By Sheila J. Poole
Human trafficking is an insidious underground industry that profits from the exploitation of vulnerable individuals whom traffickers enslave.
Human traffickers force people to work against their will in terrible conditions for little or no pay. They may also coerce victims into the sex trade, luring them with false promises, only to imprison and abuse them. While human trafficking may sound like something that happens in faraway places, the truth is that it happens right here where we live.
January is national Human Trafficking Awareness Month and it provides us with an opportunity to educate all New Yorkers about recognizing the signs of human trafficking and reporting it. New York’s many ports of entry, state highway system and large population make it attractive to would-be criminals who would exploit children and vulnerable adults. In fact, the National Human Trafficking Resource Center ranks New York State fifth in the incidence of human trafficking in the United States.
People of all genders, sexual orientations and ages are victims of trafficking, but children are especially at risk. Youth with histories of physical, sexual or emotional abuse; substance abuse or mental health issues; in foster care; involved with the juvenile justice system; who are runaways or homeless; and lesbian, gay, bisexual, transgender or questioning youth who are not accepted and supported in their homes and communities are especially attractive targets to traffickers.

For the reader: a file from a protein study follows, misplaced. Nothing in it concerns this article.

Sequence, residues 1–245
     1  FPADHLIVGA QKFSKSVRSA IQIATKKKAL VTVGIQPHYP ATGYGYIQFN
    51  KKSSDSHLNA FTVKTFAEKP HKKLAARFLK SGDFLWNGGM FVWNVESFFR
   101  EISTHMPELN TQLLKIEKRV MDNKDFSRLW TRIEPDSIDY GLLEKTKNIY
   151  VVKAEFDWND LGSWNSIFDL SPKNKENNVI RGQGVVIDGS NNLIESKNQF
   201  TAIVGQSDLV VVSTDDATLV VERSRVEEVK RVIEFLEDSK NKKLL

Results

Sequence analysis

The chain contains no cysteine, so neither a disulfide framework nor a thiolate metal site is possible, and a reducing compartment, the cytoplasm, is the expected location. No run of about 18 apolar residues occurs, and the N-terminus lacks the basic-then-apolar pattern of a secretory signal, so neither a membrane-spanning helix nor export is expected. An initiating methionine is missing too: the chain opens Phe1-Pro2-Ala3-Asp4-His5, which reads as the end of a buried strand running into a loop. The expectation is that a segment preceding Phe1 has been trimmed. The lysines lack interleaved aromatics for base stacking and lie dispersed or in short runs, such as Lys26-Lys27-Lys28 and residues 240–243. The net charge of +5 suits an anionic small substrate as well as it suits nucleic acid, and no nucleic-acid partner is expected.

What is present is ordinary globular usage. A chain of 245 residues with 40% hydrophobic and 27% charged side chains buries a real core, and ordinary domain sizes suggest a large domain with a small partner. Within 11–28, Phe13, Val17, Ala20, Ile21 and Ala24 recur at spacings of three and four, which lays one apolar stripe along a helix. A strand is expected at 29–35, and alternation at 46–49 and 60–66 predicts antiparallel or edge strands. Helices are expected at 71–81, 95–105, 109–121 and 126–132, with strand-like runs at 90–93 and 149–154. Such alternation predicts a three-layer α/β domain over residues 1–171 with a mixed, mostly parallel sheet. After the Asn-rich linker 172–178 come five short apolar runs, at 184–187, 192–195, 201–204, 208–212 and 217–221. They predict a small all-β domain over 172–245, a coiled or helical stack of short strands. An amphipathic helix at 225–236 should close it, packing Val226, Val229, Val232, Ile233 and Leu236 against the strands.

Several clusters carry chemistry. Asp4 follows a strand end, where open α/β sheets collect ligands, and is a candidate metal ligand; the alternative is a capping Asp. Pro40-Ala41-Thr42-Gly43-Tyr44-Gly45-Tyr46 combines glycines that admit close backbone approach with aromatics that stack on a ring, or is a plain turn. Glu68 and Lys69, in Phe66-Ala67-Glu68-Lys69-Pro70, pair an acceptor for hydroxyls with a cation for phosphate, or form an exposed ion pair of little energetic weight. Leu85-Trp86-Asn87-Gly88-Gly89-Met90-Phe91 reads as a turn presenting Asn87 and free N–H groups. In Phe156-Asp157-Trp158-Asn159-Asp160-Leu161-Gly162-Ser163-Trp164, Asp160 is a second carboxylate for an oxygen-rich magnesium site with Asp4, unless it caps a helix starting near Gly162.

Vulnerable youth who run away from home or are in foster care and have already been victimized are at greater risk of predators luring them into the commercial sex trade. The New York State Office of Children and Family Services invests significant resources in serving these populations.
Gov. Andrew M. Cuomo signed the Safe Harbour for Exploited Children Act into law in 2015, making New York the first state in the nation to recognize youth who have been trafficked as victims of crimes, not perpetrators. Through Safe Harbour, New York’s child welfare system responds to young trafficking survivors and guides child welfare and other professionals to intercede with youth who are at risk of becoming victims. This program currently serves 52 counties statewide.
During this month, I urge parents to talk to their children about healthy romantic relationships, ask questions about and monitor their children’s online activity, and I ask all New Yorkers to be vigilant and report any suspicious activity.
Trafficking does not discriminate; it targets every community, every race, all socioeconomic strata, education levels, and ages. Only by working together can we stop human trafficking in New York State.
Sheila J. Poole is acting commissioner of the state Office of Children and Family Services.